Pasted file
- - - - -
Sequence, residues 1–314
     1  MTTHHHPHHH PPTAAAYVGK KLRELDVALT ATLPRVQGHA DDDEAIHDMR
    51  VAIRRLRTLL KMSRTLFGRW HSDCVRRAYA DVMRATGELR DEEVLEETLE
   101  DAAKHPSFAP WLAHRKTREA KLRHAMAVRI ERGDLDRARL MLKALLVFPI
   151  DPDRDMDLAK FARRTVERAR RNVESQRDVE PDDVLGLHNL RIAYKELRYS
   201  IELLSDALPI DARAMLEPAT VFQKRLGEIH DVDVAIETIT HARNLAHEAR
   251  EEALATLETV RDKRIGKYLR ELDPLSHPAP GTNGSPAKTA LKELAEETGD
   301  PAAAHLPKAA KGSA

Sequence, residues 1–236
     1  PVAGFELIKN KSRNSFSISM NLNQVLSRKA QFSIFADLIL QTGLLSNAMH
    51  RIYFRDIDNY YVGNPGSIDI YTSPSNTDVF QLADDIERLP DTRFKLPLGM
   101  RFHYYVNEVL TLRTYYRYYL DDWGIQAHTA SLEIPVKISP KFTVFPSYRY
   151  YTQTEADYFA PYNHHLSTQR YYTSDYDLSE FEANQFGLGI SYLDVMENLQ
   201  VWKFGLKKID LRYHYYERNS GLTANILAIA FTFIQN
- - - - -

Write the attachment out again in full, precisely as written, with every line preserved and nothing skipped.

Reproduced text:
Sequence, residues 1–314
     1  MTTHHHPHHH PPTAAAYVGK KLRELDVALT ATLPRVQGHA DDDEAIHDMR
    51  VAIRRLRTLL KMSRTLFGRW HSDCVRRAYA DVMRATGELR DEEVLEETLE
   101  DAAKHPSFAP WLAHRKTREA KLRHAMAVRI ERGDLDRARL MLKALLVFPI
   151  DPDRDMDLAK FARRTVERAR RNVESQRDVE PDDVLGLHNL RIAYKELRYS
   201  IELLSDALPI DARAMLEPAT VFQKRLGEIH DVDVAIETIT HARNLAHEAR
   251  EEALATLETV RDKRIGKYLR ELDPLSHPAP GTNGSPAKTA LKELAEETGD
   301  PAAAHLPKAA KGSA

Sequence, residues 1–236
     1  PVAGFELIKN KSRNSFSISM NLNQVLSRKA QFSIFADLIL QTGLLSNAMH
    51  RIYFRDIDNY YVGNPGSIDI YTSPSNTDVF QLADDIERLP DTRFKLPLGM
   101  RFHYYVNEVL TLRTYYRYYL DDWGIQAHTA SLEIPVKISP KFTVFPSYRY
   151  YTQTEADYFA PYNHHLSTQR YYTSDYDLSE FEANQFGLGI SYLDVMENLQ
   201  VWKFGLKKID LRYHYYERNS GLTANILAIA FTFIQN